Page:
By Guest Writer, Dr. Emily Shupert
What are your 2-3 biggest concerns right now?
What keeps you up at night? What issues and fears related to them keep you up at night or create a constant low hum in the back of your mind? Is it about your work? Your finances? Your relationships? Whatever they are, write them out. I’m sure you’d love to have the answers to solve these concerns, right? While I can’t give you an answer, I’m going to ask you a question that will help you gain greater perspective and greater efficiency as you tackle these areas of concern.
What would your 80-year-old version say to you – right now, as you look at these concerns?
Yes, you read correctly. I know, it’s an odd question to ask but let’s just go with it for a minute because at the end of this exercise you’ll gain two characteristics: perspective and greater efficiency.
If you knew that these issues, these super stressful and sometimes all-consuming concerns, would be taken care of and everything would be ok in the end, how would you see the issue in the current situation?
I’m not asking you to let go and stop working.
Quite the opposite.
But I do want you to gain perspective because when we are completely surrounded by the problem, we forget to look up and see that this problem will ultimately resolve itself.
When it’s all we can see, we make decisions based on our current fears and miss the overall picture completely. Stress makes us stupid. No, you aren’t stupid, but your fears often cloud your judgement and cause you to either act out of your fears or not act at all in order to avoid them all together. So even though you don’t know the answers to the problem, just keep reminding yourself that it will work out will give you more objectivity as you wrestle the issues and create top-notch solutions.
Perspective helps you relax, not be consumed by your fears or become stalled. You will be able to objectively approach the issue.
How are these concerns capitalizing on your focus and precious time?
I have a super successful business friend who does only “standing meetings” with his team. It’s called standing because it’s only 20 minutes and not enough time for people to sit down, get comfortable, and spend too much time talking about what they actually need to go out and implement. They enter in the meeting with a problem and exit with a solution. People are prepared beforehand and make the most effective use of their time and others in the meeting. I’m sure it’s a bit of a sprint, but they don’t allow one issue or problem to stump them for an hour, a week or days.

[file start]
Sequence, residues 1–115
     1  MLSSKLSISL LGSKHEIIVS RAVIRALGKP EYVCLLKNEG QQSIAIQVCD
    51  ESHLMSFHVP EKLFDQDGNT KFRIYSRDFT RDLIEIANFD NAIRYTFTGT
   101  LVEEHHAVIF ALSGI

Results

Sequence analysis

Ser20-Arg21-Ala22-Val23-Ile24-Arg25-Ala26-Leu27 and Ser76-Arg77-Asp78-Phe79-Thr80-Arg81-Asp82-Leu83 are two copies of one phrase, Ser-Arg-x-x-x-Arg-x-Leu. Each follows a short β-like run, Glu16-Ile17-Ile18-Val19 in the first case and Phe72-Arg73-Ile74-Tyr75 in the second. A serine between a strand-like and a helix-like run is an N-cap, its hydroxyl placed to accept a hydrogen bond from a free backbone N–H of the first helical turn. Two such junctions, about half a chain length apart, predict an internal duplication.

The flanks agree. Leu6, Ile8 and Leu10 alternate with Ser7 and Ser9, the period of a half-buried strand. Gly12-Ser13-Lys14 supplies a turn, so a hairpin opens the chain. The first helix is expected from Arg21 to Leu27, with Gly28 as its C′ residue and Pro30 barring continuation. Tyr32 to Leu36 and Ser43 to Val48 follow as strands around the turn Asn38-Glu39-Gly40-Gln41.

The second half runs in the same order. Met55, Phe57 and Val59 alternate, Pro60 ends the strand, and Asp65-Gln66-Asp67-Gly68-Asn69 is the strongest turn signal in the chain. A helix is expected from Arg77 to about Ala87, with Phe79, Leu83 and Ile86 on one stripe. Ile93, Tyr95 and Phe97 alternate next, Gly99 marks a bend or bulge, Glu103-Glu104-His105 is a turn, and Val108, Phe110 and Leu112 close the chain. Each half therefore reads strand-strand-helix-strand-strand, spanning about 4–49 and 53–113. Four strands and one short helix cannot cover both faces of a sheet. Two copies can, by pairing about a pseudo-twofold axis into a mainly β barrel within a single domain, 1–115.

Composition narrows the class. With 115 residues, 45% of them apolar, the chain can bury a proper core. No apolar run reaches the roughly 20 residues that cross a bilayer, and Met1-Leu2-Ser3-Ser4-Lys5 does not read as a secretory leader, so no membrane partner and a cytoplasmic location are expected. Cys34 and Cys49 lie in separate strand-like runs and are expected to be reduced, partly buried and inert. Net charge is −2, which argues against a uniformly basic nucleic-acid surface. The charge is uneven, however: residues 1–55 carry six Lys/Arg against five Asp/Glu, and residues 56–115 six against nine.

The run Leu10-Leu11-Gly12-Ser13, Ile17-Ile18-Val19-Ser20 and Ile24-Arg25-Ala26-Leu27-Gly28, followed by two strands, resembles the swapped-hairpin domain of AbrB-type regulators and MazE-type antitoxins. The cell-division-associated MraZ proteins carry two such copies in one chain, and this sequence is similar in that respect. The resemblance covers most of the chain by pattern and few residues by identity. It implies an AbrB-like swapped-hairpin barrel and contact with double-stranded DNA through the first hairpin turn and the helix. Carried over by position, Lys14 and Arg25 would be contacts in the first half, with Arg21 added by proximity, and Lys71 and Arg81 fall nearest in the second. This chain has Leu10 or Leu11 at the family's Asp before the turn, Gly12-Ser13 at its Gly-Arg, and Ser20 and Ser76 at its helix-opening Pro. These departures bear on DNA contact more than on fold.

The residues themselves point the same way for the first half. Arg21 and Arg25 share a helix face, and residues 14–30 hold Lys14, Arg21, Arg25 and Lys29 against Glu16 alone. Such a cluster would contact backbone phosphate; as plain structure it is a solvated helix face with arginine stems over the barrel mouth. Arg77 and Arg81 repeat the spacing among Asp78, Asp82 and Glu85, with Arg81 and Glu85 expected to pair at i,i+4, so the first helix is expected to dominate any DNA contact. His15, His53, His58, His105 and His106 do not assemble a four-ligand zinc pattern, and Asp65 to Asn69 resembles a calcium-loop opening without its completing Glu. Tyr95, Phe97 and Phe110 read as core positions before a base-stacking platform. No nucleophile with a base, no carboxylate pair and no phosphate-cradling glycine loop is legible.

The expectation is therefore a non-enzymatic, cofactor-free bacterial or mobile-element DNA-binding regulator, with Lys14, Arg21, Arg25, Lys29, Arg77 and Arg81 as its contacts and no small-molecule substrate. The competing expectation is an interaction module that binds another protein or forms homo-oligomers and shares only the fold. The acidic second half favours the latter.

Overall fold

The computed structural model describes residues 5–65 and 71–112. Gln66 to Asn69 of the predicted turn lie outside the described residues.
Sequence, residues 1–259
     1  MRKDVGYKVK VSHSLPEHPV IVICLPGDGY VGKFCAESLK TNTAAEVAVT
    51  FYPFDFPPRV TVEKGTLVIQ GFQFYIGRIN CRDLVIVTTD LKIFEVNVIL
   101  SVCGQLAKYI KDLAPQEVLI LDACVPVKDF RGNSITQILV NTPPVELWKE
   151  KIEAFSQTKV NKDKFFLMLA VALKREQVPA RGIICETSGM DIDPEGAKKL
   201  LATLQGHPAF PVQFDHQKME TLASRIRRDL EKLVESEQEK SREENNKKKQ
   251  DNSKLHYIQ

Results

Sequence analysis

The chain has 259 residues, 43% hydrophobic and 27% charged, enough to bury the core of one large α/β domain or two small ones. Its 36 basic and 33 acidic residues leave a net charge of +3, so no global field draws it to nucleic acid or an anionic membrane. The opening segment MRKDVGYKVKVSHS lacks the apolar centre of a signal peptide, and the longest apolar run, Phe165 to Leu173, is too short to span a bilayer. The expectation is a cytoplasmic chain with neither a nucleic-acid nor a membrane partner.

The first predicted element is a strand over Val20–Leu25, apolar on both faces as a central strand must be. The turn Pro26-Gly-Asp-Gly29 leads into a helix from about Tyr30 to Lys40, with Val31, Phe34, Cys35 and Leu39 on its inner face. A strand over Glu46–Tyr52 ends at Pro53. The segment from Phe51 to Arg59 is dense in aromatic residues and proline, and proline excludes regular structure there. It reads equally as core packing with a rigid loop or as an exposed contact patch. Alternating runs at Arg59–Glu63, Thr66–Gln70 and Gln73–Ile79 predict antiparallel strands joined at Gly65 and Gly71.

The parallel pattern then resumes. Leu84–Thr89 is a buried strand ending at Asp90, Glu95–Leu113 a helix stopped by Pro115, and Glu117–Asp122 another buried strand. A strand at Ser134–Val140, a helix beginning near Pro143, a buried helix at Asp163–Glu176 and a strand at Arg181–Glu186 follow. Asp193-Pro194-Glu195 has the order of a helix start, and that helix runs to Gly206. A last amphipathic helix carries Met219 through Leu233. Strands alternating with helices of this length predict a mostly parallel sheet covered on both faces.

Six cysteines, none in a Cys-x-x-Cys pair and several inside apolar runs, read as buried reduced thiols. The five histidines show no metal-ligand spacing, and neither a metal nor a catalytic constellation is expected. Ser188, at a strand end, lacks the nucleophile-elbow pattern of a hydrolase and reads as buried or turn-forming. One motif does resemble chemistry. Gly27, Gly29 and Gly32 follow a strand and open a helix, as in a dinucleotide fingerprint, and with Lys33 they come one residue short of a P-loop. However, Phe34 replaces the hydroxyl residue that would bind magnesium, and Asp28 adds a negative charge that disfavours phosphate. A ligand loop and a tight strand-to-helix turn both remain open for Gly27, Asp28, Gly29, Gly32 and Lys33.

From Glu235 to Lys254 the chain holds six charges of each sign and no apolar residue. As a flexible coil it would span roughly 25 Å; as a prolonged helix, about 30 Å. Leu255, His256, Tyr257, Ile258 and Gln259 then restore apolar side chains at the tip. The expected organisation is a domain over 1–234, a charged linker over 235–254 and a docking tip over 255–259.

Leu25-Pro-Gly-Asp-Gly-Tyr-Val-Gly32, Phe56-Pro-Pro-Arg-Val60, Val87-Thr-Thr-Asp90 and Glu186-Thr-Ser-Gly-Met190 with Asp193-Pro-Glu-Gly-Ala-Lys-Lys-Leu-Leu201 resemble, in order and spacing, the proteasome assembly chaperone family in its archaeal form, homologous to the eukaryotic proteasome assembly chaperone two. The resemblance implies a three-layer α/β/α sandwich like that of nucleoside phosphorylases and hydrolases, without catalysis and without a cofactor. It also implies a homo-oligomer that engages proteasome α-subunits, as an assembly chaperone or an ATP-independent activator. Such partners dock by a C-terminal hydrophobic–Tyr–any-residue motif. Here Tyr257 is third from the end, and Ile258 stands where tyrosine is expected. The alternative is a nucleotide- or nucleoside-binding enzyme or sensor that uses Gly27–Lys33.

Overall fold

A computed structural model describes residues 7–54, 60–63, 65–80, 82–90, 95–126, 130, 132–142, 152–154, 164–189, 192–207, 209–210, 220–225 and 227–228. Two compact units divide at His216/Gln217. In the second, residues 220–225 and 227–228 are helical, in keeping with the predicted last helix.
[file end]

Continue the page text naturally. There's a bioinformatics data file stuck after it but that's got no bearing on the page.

This brilliant idea works because when we get stumped on the current issue, we not only miss out on other items on our list, but we can also have analysis paralysis; we spend time looking for the perfect solution that just might not exist.
Take advantage of the maxim students depend on when taking their exams: if you get tripped up on a question, make an educated guess, and then move on. If you can go back, do it, but don’t spend all your time on a tricky question when you have 49 more to go. What you are facing right now might be critical; if it weren’t a problem, it wouldn’t have come to mind. But if you focus only on this issue, you’re missing out on the rest of your life. Commit a reasonable amount of time and energy to solve this issue but be sure it doesn’t prohibit you from making progress elsewhere.
I bet you’d be pretty relieved when you imagine the 80-year-old version of you, what you’ve done, and whom you’ve become. But what made you a happy, satisfied, and healthy 80-year-old probably wasn’t finding the answer to this one issue, but because you worked hard, managed your time and resources well, poured into others, and did not allow problems to shape your entire life.
Whenever you face an issue that feels daunting and unclear, ask yourself what the 80-year-old version would say about the situation, which will allow you to live with greater perspective, efficiency and without regrets.
So now it’s your turn.
Write out a response from that wise, happy, and successful 80-year-old version of you.
See, you’re closer to the answers than you imagined!
by Emily Shupert, Ph.D., LPC, DCC
Author of The Happiness Map